A few times each year, like clockwork, a well-known writer or journalist at a major source is exposed for plagiarism. There are many definitions of what plagiarism actually is, but the basic principle behind it is that one must simply cite any thought that is not an original to that person. There aren’t hard rules, but generally it’s as simple as mentioning a writer, or linking to a piece, or referencing another piece of work. This paradigm is born from academia, where intellectual property theft was a risk. The convention built as a solution was to cite work, to help properly assign attribution and track it over time. Fast forward to today, it’s widely known that plagiarism is frowned upon greatly, yet the temptation to lift tiny paragraphs, words, or even just thoughts is still very real, very human.
I’m normally not surprised to hear of a well-known writer being caught. However, I was shocked to hear that Fareed Zakaria was caught and quickly admitted his guilt. Zakaria is already so experienced with media and punditry, a global brand in his own right. My wife’s uncle went to graduate school with him and remarked that, during those times, it was evident that Zakaria was simply many cuts above the rest — a superstar in the making. Yet, after all of his columns, television shows, and public appearances, he was caught today for almost lifting entire paragraphs from another writer’s work in The New Yorker. Given how righteous Zakaria’s commentary could be, I don’t see how he survives this episode. He broke the code, from a position of strength and when he should have known better.
Today’s story reminded me of an instance in my life I am not too proud of. I didn’t plagiarize, but I was taught a frightening lesson. In high school, I had written a long series of individual papers about Vietnam, dating all the way back to the French invasion of Dien Bien Phu all the way to the mid-1970s. I had written so much that my college asked for writing samples so that I could be placed in another track and skip the initial courses. I used one 2-3 page sample about the Tet Offensive.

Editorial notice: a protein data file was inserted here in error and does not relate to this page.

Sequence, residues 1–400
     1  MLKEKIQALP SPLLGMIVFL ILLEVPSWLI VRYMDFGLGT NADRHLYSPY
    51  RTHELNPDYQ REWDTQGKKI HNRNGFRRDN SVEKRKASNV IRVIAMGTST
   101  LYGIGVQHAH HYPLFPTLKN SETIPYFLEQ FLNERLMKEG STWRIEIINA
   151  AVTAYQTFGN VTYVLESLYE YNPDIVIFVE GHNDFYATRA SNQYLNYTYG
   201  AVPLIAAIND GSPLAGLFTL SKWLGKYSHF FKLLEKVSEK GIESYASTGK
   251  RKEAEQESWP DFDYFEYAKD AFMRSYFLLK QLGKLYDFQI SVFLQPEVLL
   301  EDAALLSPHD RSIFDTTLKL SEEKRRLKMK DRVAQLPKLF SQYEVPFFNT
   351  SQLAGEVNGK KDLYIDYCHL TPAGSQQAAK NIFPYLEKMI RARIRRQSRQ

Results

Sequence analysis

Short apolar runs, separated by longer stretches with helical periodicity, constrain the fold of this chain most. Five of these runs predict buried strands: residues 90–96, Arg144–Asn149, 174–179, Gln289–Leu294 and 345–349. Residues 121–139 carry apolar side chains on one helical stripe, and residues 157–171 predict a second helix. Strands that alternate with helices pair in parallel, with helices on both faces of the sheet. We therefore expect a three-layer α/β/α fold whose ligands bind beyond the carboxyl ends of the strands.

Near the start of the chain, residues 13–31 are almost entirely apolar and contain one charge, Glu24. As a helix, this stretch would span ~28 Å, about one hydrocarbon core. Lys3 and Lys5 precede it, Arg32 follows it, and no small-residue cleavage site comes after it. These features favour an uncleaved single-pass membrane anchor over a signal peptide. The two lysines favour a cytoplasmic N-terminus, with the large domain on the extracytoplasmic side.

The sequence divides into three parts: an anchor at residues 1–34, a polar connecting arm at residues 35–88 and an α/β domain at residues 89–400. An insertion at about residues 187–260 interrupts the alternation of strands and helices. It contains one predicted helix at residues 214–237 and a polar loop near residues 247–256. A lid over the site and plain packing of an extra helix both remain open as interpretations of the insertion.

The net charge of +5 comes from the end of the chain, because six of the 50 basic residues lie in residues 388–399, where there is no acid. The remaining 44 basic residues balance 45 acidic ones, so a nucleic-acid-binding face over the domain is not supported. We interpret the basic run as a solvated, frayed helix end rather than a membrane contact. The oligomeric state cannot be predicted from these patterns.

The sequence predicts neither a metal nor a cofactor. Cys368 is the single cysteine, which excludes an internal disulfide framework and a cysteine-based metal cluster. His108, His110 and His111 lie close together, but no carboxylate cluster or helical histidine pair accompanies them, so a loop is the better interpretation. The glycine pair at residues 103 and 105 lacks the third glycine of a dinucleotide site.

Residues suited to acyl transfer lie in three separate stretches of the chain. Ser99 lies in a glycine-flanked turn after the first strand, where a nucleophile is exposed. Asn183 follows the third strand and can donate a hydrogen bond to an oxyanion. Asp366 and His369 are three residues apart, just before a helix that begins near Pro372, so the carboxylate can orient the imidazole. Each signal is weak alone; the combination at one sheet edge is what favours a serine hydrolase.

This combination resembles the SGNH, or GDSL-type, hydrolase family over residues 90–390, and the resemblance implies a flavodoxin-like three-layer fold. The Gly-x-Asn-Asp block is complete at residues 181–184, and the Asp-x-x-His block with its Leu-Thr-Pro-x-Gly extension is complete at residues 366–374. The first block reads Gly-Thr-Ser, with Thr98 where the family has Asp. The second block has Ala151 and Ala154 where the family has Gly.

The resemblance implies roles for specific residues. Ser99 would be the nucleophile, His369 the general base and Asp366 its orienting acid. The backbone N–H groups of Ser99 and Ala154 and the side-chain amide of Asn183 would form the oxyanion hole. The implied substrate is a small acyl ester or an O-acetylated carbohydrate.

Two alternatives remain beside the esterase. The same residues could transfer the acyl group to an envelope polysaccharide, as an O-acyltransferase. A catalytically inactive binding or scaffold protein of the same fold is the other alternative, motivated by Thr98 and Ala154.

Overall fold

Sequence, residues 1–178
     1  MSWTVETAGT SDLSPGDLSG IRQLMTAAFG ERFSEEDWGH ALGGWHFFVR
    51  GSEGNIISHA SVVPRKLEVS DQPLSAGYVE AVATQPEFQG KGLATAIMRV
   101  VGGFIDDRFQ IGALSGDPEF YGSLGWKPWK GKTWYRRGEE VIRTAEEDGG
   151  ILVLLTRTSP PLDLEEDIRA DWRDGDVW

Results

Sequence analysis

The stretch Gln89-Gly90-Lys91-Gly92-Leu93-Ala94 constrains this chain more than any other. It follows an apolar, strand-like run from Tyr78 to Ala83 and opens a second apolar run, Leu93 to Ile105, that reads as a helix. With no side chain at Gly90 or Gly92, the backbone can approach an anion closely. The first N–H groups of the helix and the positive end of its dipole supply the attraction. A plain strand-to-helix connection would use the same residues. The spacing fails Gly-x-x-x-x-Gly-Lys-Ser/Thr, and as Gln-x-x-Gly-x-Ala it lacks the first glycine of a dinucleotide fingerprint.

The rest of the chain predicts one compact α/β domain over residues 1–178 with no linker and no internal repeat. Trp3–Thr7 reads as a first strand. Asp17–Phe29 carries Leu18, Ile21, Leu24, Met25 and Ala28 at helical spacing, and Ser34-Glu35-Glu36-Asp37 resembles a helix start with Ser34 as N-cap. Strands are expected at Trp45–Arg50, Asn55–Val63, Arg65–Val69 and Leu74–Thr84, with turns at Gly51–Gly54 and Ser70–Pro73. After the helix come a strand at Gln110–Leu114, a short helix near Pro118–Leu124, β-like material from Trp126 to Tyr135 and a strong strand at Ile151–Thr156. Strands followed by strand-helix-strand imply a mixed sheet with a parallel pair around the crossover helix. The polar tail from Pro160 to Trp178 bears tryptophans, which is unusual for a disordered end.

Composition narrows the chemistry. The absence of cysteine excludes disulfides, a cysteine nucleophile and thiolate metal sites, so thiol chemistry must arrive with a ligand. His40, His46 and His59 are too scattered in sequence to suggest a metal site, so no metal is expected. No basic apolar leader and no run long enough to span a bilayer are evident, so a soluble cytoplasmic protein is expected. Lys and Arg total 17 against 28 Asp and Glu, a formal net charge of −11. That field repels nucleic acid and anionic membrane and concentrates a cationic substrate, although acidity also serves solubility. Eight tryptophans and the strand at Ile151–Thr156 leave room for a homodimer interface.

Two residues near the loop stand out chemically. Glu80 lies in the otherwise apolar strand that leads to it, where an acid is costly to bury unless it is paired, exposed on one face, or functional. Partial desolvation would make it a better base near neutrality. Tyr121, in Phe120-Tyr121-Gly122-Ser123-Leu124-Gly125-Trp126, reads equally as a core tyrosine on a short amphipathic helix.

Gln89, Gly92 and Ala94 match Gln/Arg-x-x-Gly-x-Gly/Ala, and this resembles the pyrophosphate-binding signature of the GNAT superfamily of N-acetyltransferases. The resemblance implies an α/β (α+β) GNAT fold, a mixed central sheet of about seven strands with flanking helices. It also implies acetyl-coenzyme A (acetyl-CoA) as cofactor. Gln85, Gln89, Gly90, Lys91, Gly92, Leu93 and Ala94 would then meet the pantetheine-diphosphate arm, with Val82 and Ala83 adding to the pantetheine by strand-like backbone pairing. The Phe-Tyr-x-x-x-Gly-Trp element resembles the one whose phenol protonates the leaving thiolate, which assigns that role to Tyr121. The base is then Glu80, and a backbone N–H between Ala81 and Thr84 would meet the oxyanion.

Fast forward to that first semester in expository writing. I took my original paper and, as a shortcut, reworked it into a longer paper. Technically, I plagiarized myself. The professor felt it was a weird topic for a college freshman, investigated my file, and saw that I had used parts of the original in my application materials. Now, her assignment didn’t say the essay assignment had to be original, but I guess it was implied. And I took a shortcut. In turn, she was very stern, called me to stay after class, called me into her office, told me of her investigation, and said she had no recourse but to forward this to the academic dean, who would then have the right to impose discipline, perhaps even suspension or worse.
Ultimately, it was just a trick played by my professor. She was personally angry that I took a shortcut instead of going through her exercise with integrity. And, well, she scared the shit out of me for 24 hours, that’s for sure. She eventually told me that she felt that it was a slippery slope, and she saw her role as being the one to teach by instilling fear. Point taken!
I can’t claim any moral high ground here. If I didn’t have that experience in my first year of college, who knows what could have happened. I hadn’t even thought of this incident for years until today. Maybe Zakaria never got scared about repercussions, or maybe he felt he was untouchable, or better than another writer, or that it was no big deal, that people retweet content or share others’ pictures for their own without permission or, worse, without attribution. This isn’t limited to text, to words. It gets worse on blogs, of course. It happens to pictures, which is why Creative Commons and Stipple exist. It happens in the press, as writers rework press releases. It happens to design for websites, which is why literally thousands of web designers are virtually copying the Pinterest interface, and it happens to hardware manufacturers like Apple who design one of the most disruptive technological devices the world has ever seen, only to be ruthlessly copied, or plagiarized, by an another company.
Plagiarism in any form is simply copying without proper attribution. The old saying goes that “imitation is the sincerest form of flattery,” but in this context, which is quite broad, it turns out it’s the exact opposite of sincere.